Editor's Letter: May 2017

Acrylamide’s Emergence
Brian Hartz
April 24, 2017
Written by
Is acrylamide the next major front in the nutrition wars?


A chemical compound first discovered in 2002, acrylamide has been shown to cause cancer in laboratory animals. It’s commonly found in high-carb, starchy foods like potato chips, french fries, and, unfortunately, baked goods – crisp bread and crackers, in particular.

The carcinogen is caused by the heating up of food, such as when bread is toasted. It’s also present in fried foods, coffee, and some varieties of baby food.

The real kicker is that a recent U.K. Food Standards Agency study found that the risk of cancer from acrylamide exposure is three times higher in young children than in adults, and as we are all well aware, fried and baked foods are often heavily marketed to kids.

Bakers Journal columnist John Michaelides has written extensively about acrylamide and its causes and effects (or lack thereof). In his Technical Talk column in our January/February 2015 issue, he cited a study by the Food Institute in Denmark that “found a slight correlation between breast cancer and dietary acrylamide intake but concluded that more extensive research is needed to conclusively interpret these findings.”

Michaelides’ concerns about acrylamide don’t seem to be echoed strongly in Canada just yet, but across the pond, it’s a different story. In Belgium and the U.K., consumer watchdog groups are taking food makers to task for selling products that contain acrylamide levels in excess of European Union benchmarks (of course, thanks to Brexit, Britons won’t have to worry about continental standards much longer, but that’s an entirely different topic).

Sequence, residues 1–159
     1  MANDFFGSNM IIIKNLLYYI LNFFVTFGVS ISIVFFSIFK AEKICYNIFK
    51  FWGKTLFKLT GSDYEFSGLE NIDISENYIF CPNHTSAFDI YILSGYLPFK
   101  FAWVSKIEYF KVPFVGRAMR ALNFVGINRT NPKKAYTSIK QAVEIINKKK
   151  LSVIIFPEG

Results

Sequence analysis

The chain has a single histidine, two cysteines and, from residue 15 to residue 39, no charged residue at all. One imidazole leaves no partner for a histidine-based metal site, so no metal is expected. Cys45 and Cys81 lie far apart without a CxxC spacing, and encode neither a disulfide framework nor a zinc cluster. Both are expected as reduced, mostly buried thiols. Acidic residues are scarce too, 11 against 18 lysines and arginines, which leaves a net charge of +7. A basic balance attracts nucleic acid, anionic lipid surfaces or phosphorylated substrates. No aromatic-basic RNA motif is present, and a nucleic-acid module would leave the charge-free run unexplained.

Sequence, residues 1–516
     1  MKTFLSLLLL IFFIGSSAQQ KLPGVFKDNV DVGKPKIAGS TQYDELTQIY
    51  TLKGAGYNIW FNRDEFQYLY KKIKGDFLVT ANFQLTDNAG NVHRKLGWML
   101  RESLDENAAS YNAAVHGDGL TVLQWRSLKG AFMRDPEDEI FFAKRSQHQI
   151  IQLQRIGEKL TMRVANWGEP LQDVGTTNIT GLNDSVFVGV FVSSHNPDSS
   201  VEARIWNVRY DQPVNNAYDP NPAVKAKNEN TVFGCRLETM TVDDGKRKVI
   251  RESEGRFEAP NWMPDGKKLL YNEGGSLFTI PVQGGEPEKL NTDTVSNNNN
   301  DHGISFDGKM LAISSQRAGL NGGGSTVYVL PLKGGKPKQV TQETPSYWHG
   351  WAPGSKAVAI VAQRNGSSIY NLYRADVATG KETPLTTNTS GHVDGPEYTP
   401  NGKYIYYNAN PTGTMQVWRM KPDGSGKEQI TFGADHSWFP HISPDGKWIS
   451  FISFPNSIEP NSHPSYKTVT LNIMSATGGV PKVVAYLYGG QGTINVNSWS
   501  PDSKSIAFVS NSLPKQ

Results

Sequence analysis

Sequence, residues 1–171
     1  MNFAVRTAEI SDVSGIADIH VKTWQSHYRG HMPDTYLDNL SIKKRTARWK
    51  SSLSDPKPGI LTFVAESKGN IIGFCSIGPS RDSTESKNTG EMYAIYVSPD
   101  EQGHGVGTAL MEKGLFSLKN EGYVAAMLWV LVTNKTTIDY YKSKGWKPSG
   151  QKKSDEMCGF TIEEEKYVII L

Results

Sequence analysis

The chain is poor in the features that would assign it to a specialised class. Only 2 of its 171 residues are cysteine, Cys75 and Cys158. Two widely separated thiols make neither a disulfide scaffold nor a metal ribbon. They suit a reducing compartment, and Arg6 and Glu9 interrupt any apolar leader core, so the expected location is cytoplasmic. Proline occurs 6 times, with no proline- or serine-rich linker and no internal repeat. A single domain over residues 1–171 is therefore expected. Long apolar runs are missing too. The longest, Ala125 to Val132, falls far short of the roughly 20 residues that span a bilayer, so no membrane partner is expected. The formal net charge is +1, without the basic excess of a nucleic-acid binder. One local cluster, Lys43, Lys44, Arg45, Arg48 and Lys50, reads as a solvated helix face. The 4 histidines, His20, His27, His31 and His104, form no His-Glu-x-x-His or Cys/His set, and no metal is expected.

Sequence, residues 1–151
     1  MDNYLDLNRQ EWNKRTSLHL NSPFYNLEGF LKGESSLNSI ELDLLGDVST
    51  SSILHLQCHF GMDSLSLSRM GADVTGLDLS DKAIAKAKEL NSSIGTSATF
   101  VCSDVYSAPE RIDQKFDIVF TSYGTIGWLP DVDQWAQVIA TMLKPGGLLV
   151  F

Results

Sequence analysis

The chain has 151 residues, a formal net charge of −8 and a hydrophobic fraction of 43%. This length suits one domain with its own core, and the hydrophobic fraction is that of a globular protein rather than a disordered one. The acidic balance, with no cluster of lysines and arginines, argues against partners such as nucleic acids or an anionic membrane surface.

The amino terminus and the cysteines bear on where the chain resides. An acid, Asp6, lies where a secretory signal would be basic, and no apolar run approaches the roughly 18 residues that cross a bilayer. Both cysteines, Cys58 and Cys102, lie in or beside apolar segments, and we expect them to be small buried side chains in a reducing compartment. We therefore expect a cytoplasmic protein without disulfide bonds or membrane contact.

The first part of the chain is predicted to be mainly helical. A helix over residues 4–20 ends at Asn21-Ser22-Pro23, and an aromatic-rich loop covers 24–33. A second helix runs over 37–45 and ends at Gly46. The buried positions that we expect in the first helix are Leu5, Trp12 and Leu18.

One of these groups, Changing Markets, found that 15 per cent of the Brussels, Belgium, establishments it surveyed were selling potato fries with acrylamide levels as high as six times the EU benchmark. In a Feb. 23 news release, the group called for “a robust legal framework that sets ambitious legally binding limits for acrylamide in food to ensure that business operators make real efforts to reduce its presence.”

In the U.K., Changing Markets – in collaboration with SumOfUs, another consumer watchdog organization – cast a critical eye toward makers of cookies marketed to children, particularly the well-known brands Little Dish and Ella’s Kitchen. Its analysis of nearly 50 cookie products found that 10 per cent contained acrylamide levels that topped EU standards.

“While it is important not to burn your toast … we mustn’t forget that acrylamide exposure from home-cooked food is considered relatively small when compared with industrially or restaurant-prepared foods,” said SumOfUs senior campaigner Nabil Berbour.

The Food and Agriculture Organization of the United Nations (FAO) and the World Health Organization (WHO) have a joint expert committee on food additives that has expressed concern about dietary exposure to acrylamide, and the European Commission and Member States are considering a legislative proposal on acrylamide in food that’s set to go to a vote in June. In terms of regulatory change, Health Canada seems to be sitting on the sidelines for now, though in 2009 it implemented an acrylamide monitoring program and its scientists have been studying the properties of the chemical compound.

Acrylamide might not be garnering ink and headlines in the same way as, say, trans fats, gluten or sugar, but it’s a topic to keep an eye on. You never know what nutrition trend consumers are going to support with their pocketbooks.  

Happy reading and baking,


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